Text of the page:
Book Response -- Art Spiegelman's "Maus"

My selected book for this week was Art Spiegelman's Maus: A Survivor's Tale. I know that Maus was supposed to be one of the choice books, and I said in my previous response that Brian Wood and Riccardo Burchielli's DMZ was my favorite graphic novel ever, but Maus is definitely in my top five and I jumped at the chance to read it again.

Maus combines two interwoven stories revolving around the Spiegelman family. In the 1970s, Art Spiegelman (as a fictionalized version of himself) interviews his father Vladek, a Jewish veteran of the Polish Army in World War II and a Holocaust survivor, over a period of several years or his new book. The events Vladek recounts to his son are then portrayed through Vladek's own eyes as they happened in 1939-1945. Normally a story like this would be unremarkable, given its similarity to many other accounts of the Holocaust, but Spiegelman makes one vital change: he draws all the characters as animals. Jews are portrayed as mice (Maus is German for mouse, unsurprisingly), Nazis as cats, Poles as pigs, Americans as dogs, and so on. There are even permutations of each group, such as an African-American being drawn as an all-black dog, German Jews being drawn as mice with cat's stripes or cats with mouse whiskers, or Jews posing as non-Jewish Poles being drawn as mice wearing pig masks.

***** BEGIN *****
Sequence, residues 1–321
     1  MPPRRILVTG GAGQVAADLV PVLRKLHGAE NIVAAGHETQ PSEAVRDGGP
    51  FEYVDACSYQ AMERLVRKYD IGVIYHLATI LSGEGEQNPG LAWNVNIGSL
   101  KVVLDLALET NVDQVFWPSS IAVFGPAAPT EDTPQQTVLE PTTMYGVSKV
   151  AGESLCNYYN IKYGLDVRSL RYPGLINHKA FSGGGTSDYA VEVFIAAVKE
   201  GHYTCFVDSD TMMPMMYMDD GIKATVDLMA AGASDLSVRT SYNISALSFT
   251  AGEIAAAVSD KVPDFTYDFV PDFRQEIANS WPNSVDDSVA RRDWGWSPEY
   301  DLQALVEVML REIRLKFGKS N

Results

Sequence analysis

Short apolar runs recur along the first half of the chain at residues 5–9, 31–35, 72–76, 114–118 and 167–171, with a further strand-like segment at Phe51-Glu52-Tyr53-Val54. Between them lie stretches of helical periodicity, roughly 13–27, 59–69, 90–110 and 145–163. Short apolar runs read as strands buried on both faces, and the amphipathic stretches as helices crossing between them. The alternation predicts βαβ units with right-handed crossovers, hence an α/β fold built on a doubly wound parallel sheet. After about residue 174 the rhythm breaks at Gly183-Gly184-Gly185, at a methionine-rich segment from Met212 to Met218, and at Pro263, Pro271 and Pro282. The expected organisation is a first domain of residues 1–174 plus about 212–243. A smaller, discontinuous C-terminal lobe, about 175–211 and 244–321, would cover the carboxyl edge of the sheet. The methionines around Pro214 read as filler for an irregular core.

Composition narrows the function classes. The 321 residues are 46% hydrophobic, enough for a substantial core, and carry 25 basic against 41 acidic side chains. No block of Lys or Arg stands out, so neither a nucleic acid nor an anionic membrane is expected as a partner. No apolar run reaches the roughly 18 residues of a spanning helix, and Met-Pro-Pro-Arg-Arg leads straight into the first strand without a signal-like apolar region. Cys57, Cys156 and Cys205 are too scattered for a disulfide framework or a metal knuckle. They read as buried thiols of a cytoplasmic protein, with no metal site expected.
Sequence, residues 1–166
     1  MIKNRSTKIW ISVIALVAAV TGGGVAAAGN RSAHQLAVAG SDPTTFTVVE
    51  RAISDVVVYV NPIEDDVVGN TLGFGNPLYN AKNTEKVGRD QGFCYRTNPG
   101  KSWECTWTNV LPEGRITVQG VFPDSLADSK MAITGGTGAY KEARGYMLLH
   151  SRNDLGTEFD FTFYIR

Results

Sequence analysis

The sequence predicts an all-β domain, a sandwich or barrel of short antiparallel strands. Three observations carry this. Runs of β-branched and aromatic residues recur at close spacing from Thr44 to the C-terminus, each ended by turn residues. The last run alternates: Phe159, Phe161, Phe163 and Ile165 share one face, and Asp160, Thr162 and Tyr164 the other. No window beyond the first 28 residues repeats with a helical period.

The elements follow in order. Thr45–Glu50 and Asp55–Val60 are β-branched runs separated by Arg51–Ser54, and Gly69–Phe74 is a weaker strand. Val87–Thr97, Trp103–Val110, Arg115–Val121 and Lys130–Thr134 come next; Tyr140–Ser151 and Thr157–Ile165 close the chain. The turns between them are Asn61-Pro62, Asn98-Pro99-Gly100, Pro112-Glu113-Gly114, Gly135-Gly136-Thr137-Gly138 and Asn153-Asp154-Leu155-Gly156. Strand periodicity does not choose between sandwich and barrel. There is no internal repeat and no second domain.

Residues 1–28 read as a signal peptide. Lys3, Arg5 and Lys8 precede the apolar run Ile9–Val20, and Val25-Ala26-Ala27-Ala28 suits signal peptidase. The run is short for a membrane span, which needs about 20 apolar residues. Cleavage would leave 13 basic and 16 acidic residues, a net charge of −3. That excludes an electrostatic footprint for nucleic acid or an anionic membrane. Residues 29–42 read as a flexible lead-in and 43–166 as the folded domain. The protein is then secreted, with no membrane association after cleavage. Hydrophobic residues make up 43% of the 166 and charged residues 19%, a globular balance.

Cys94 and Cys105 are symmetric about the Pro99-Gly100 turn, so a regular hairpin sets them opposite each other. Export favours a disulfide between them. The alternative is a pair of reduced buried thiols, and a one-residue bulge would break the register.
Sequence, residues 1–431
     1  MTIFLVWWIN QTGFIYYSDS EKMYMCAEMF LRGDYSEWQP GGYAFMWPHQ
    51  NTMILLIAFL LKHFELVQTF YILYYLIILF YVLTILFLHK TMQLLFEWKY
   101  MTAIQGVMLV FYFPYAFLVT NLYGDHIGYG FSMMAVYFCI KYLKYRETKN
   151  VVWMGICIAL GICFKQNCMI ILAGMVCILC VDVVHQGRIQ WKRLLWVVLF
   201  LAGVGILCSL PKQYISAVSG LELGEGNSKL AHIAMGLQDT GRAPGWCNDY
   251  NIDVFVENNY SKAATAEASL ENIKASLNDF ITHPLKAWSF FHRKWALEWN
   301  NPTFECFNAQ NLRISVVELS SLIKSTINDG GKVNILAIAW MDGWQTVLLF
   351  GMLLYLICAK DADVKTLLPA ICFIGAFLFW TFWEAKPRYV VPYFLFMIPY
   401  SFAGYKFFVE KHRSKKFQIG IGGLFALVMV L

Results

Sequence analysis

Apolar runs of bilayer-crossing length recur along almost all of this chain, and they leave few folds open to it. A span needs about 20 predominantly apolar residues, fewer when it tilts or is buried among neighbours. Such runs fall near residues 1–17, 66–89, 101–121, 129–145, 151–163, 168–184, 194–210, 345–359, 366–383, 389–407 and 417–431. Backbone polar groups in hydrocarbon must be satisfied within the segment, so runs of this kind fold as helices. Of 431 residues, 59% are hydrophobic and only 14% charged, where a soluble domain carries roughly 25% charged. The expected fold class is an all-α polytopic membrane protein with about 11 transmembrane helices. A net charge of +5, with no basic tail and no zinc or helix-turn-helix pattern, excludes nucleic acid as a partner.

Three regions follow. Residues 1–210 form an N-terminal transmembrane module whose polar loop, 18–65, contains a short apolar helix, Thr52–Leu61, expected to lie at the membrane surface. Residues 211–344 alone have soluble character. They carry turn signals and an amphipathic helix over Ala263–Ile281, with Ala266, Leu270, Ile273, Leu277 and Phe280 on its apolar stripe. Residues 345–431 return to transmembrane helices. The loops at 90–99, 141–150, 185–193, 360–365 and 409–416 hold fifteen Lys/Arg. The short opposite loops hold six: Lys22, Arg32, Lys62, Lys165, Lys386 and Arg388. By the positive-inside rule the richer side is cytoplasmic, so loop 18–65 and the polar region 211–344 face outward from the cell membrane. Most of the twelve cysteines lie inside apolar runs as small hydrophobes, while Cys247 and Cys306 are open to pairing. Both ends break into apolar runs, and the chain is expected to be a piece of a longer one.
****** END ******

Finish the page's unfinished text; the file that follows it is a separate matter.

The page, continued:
I love Maus not only for its rich symbolism, which I'll get into later, but also for its fundamentally relatable quality. Art and Vladek don't get along; their relationship has been strained ever since the death of Art's mother Anja (also a Holocaust survivor) during his teen years, the aftermath Art recorded in a short comic in the middle of the book (with human characters, not animals). Art notes to his wife at one point that Vladek displays all the stereotypes of "the miserly old Jew". Vladek is so distraught with guilt and grief over Anja's death that he withdraws into his own little bubble, irritated by any intruders. When Art stirs up his father's painful old memories for his book, the tension comes to a head as Vladek relives his days as a concentration camp inmate. As the interviews progress, Art realizes that the Vladek he knows--a bitter, cantankerous, penny-pinching old man whom he at least partially blames for his mother's death--is completely at odds with the historical Vladek's extraordinary feats of perseverance, selflessness, and survival. I say this situation is relatable not because I know a Holocaust survivor, but because Art and Vladek's relationship is so much like the one I have with my own father, it's eerie. Just as Art and Vladek bicker over insignificant things like using wooden coat hangers for guests when a wire one would do perfectly, so too do my dad and I not see eye-to-eye on petty issues. Vladek's use of the word "shvartser," the Yiddish equivalent of "nigger," to describe a black character--which comes as a shocker, since Holocaust survivors should be experts on the evils of racism--parallels with my dad, who I've heard make occasional derogatory comments that I don't agree with about other racial groups. By the end of the book, the trials and tribulations that Art and Vladek go through--Art by dealing with his father's eccentricities and foibles, Vladek by reliving traumatic memories of his time in Auschwitz--help them understand each other better, just as my own dad and I had to get into a few major fights before we understood each other better.